Posted by: mdegeorge | October 20, 2010

The reaction to the reaction continues in the NFL

By Wednesday, I’m usually tired of the fallout from the previous weekend’s NFL slate. But the drama of Week 6’s hard-hitting debates is engrossing enough to take over attention that should be devoted to the MLB Playoffs.

What’s transpired in the last 48 hours should if nothing else provide a blueprint for exactly not what to do in these types of situations.

[picapp align=”center” wrap=”false” link=”term=james+harrison&iid=9814249″ src=”http://view.picapp.com/pictures.photo/image/9814249/pittsburgh-steelers/pittsburgh-steelers.jpg?size=500&imageId=9814249″ width=”461″ height=”594″ /]

First, there’s the NFL themselves, who mistakenly sold pictures of the illegal hits through their website. The prints available, including James Harrison’s devastating hit on Mohamed Massaquoi that made him fall to the ground like a Mortal Kombat character, were later pulled from the virtual shelves and lead to this apology from NFL spokesman Greg Aiello:

We regret the mistake. The photos will be taken down and we will ensure that no photos of illegal plays will be available again. An outside vendor uses an automated process to post photos for sale to fans. We will fix the process immediately.

No word on whether Bill Belichick is that outside vendor, though we knew that the NFL would find a way to print and sell the cuckoo birds circling Massaquoi’s head if they could. Maybe a new DirecTV channel for concussions? Call it the “Grey Zone” channel.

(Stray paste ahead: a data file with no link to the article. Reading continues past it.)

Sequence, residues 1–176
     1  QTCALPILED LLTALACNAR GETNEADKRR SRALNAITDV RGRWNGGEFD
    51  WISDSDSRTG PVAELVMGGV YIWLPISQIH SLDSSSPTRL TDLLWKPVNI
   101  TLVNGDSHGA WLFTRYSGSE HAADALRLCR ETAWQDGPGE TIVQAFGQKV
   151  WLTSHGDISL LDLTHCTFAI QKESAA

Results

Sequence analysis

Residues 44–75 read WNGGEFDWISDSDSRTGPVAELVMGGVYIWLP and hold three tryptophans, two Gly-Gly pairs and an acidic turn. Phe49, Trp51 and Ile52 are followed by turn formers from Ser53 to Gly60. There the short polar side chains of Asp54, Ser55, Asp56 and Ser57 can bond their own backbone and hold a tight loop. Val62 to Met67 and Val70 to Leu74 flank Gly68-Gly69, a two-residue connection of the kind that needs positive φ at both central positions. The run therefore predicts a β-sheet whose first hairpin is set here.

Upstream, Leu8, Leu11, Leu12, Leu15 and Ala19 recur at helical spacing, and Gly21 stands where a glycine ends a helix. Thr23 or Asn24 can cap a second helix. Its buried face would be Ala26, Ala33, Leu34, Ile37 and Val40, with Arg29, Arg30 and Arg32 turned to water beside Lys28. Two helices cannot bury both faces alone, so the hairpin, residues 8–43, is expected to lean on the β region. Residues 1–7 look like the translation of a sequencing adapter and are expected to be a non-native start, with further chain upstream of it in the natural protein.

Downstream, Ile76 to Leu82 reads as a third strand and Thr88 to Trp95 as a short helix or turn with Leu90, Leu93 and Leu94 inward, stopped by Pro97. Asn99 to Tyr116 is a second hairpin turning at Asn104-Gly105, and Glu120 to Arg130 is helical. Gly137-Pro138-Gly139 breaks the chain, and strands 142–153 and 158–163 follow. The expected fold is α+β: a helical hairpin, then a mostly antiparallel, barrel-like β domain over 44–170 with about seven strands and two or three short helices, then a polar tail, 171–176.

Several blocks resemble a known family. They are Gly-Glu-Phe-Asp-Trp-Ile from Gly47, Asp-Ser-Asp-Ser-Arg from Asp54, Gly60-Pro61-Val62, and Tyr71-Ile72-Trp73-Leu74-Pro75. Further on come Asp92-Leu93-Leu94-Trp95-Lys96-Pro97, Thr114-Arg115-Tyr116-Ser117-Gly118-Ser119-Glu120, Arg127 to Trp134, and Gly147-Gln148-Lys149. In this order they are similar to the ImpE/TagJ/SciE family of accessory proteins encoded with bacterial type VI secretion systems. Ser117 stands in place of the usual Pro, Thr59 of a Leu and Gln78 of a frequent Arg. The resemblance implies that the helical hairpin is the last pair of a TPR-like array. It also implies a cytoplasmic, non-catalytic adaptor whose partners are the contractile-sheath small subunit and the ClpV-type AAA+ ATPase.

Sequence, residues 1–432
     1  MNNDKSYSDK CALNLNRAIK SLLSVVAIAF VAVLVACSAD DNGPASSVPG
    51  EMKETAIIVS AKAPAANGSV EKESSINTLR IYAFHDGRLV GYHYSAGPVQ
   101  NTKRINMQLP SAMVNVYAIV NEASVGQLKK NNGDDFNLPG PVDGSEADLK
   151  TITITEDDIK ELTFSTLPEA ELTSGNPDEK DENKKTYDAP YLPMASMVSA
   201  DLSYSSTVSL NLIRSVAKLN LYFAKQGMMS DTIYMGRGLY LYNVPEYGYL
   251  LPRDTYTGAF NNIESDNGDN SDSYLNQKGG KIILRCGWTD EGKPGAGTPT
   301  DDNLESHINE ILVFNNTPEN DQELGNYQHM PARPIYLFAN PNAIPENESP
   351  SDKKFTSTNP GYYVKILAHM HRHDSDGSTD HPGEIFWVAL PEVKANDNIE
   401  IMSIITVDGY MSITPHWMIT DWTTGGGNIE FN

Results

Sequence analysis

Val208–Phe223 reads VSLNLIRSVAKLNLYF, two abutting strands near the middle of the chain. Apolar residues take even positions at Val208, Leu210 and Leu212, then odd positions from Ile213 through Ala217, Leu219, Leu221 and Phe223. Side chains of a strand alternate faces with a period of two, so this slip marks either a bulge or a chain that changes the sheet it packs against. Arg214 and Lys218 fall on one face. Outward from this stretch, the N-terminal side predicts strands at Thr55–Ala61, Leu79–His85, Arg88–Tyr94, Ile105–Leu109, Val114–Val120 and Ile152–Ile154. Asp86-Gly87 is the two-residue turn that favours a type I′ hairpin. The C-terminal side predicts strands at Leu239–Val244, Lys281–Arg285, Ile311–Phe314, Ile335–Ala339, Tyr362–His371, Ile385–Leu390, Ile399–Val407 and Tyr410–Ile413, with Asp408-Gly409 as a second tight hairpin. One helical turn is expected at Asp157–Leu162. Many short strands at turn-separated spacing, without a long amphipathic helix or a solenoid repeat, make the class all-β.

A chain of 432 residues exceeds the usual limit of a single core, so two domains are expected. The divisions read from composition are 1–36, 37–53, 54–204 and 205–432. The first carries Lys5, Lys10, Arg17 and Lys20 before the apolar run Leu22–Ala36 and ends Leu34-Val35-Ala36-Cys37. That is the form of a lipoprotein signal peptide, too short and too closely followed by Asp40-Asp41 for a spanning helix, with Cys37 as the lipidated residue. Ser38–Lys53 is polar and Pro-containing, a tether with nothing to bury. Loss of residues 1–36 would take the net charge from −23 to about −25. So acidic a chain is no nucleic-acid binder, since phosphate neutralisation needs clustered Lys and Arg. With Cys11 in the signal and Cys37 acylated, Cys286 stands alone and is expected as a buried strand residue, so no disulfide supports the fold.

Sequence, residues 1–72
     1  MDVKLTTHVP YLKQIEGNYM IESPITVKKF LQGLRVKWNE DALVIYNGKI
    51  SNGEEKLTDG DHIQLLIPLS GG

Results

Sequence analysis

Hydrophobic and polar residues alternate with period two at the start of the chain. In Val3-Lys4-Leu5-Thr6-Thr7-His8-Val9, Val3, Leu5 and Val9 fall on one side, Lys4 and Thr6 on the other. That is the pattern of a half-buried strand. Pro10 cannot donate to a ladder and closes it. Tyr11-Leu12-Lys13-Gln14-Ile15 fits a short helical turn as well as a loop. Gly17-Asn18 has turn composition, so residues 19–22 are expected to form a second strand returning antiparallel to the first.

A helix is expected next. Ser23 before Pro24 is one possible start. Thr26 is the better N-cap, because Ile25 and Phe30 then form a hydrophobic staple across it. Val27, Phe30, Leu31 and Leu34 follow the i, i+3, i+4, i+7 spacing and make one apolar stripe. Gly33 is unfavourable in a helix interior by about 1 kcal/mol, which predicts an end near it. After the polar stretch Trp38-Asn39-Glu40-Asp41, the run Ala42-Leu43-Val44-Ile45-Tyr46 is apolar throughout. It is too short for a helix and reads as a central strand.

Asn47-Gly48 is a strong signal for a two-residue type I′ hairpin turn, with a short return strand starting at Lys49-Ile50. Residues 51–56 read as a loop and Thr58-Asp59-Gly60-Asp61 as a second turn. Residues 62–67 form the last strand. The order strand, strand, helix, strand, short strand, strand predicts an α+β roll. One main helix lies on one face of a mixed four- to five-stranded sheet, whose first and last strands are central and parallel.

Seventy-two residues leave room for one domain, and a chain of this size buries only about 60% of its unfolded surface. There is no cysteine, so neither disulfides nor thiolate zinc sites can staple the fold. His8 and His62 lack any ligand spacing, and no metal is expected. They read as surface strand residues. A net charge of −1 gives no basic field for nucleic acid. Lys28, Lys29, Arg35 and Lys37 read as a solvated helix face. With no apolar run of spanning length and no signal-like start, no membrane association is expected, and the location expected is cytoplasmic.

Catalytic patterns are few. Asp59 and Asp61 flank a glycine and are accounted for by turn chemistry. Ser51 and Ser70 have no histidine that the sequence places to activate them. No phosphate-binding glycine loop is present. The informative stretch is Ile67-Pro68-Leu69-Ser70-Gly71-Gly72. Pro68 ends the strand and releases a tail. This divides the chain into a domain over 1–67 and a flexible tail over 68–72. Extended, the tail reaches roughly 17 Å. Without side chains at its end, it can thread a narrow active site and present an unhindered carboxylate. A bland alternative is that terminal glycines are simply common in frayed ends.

Then there’s Channing Crowder, who uttered one of the dumbest statements you’re likely to hear for a while:

If I get a chance to knock somebody out, I’m going to knock them out and take what they give me. They give me a helmet, I’m going to use it.

I know Crowder earned a top-notch education at Florida, but did he put two and two together on this one that he’s going to lose the benefit of the doubt from refs for the rest of his career?

Ask guys like Rodney Harrison and John Lynch what a bad reputation in the eyes of the refs can do for you. If it’s even iffy, it’s a penalty. Enjoy, Channing!

But the winner in the dumb deeds sweepstakes this week has to be Harrison, who sat out of practice today and is reportedly serious mulling over the idea of retirement after being fined $75,000 for a pair of possibly season-ending collisions with Massaquoi and Josh Cribbs.

Harrison’s agent believes this isn’t a hollow threat, and the player has met with head coach Mike Tomlin to discuss his future.

It’s pretty remarkable that a mere $75,000—to a guy who made in the neighborhood of $13.3 million last year—would send Harrison into such a tailspin.

It’s equally remarkable that such a minor tantrum has garnered this much attention. Harrison’s stunt is the equivalent of your four-year-old slamming her bedroom door and swearing she’ll never talk to her mean ol’ mommy and daddy ever again because you told it her it was time to stop playing with her dolls.

Come the first of the month, Harrison will see his paycheck and, coupled with the joy of knocking the snot out of guys on the weekend, this will all be an episode of the past.

For now, though, let’s hope it takes Tomlin a couple weeks to find a big enough pacifier for Harrison so as to slow the Steelers’ train down a little bit.

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